Ron Schuldt writes:
also safe to say that any ontology must select a definition for a given word
and then use it consistently throughout the ontology - regardless the other
Chris Menzel writes:
If I want
to keep using "widget" with my meaning, I can rename occurrences of "widget"
in O1 systematically (with "O1-widget", say) and the ambiguity disappears.
Chris also says:
But one of the points of building an ontology
is to *fix* meaning and thereby to *avoid* confusion.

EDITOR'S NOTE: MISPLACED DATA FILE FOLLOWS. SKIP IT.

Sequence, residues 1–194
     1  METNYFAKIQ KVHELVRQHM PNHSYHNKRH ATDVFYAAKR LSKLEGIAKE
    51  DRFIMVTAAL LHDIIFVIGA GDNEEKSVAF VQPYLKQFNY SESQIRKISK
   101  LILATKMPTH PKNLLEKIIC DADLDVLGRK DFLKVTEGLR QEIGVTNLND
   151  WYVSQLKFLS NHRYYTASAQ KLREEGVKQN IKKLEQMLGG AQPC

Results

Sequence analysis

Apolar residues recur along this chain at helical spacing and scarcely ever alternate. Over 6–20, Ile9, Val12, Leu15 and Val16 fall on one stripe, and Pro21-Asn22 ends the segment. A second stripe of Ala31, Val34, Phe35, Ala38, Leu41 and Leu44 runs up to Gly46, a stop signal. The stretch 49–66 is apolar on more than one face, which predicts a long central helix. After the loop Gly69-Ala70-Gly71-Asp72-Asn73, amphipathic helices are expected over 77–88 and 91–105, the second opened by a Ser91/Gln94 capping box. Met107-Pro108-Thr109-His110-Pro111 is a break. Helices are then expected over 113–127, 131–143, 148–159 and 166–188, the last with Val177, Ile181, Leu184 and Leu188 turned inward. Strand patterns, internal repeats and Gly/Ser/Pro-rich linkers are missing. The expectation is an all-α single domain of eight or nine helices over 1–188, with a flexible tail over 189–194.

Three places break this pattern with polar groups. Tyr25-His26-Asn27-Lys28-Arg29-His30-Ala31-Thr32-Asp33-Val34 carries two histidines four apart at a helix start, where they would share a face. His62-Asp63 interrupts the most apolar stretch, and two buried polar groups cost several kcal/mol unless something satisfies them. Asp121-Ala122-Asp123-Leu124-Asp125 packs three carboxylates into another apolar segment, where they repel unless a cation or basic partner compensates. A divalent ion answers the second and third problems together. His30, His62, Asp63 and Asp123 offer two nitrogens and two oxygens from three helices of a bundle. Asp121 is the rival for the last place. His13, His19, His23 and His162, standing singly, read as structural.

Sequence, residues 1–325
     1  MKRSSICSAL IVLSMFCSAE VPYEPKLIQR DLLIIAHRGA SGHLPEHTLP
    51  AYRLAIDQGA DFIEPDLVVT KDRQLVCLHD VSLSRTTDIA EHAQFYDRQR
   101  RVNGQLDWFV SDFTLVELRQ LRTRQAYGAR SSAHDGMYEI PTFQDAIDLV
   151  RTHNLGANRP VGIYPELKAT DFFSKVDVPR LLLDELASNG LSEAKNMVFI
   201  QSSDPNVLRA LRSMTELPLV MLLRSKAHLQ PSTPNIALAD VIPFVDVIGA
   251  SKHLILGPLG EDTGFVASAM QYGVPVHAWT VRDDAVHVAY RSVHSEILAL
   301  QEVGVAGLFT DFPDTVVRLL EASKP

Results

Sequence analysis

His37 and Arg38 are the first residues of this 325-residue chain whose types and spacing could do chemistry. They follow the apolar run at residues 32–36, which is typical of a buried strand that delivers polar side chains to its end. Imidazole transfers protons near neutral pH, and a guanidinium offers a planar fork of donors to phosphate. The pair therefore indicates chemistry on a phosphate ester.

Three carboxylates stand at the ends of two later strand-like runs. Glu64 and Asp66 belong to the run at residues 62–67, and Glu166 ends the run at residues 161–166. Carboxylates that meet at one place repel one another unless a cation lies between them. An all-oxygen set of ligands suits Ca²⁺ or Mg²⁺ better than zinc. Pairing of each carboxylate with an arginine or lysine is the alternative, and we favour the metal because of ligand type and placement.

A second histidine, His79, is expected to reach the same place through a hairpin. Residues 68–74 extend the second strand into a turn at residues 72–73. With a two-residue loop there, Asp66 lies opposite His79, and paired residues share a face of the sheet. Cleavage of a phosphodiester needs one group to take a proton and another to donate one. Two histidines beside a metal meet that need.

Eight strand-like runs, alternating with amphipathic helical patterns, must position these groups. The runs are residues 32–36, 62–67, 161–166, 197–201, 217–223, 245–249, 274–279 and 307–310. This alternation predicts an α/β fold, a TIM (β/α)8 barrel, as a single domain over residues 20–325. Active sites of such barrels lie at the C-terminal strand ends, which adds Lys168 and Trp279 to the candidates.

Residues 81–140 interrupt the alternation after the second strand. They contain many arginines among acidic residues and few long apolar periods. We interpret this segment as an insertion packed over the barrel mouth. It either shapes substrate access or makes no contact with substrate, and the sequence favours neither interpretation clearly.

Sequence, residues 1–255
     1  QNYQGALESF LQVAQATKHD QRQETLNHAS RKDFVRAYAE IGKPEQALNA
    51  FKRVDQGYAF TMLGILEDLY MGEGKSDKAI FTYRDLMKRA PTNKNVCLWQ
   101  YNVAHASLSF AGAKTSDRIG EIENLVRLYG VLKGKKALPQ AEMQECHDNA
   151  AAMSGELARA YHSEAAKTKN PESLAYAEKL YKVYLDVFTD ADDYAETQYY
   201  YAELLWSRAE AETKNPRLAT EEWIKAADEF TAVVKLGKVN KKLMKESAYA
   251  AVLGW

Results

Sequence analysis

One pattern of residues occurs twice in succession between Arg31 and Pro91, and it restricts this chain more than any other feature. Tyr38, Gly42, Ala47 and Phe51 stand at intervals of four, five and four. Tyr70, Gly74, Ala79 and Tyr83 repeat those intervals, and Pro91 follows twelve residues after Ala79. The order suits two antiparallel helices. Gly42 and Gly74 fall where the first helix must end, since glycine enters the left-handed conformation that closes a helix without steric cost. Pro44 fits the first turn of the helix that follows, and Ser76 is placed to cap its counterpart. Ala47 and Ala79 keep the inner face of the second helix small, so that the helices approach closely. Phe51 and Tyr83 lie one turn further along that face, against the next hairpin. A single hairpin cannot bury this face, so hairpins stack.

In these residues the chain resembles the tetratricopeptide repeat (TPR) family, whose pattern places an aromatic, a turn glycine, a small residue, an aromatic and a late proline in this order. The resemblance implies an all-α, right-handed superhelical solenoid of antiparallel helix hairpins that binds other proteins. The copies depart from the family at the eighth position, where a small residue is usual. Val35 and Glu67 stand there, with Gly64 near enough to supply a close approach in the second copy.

I suggest that the point of building an ontology is to
document meaning and thereby enhance understanding. That the
meaning of words/terms/phrases may differ with context is a given. An
ontology should routinely include context in its architecture, such that it is
capable for example of documenting multiple meanings of a 'widget'
along with their associated contexts. Note that I do not suggest that
ambiguity will 'disappear'. Nor do I see that as a practical
goal. Since an ontology that tracks a real world will grow/morph over
time, meanings cannot be 'fixed'. On the other hand,
inference machines work pretty well when presented with fuzzy data.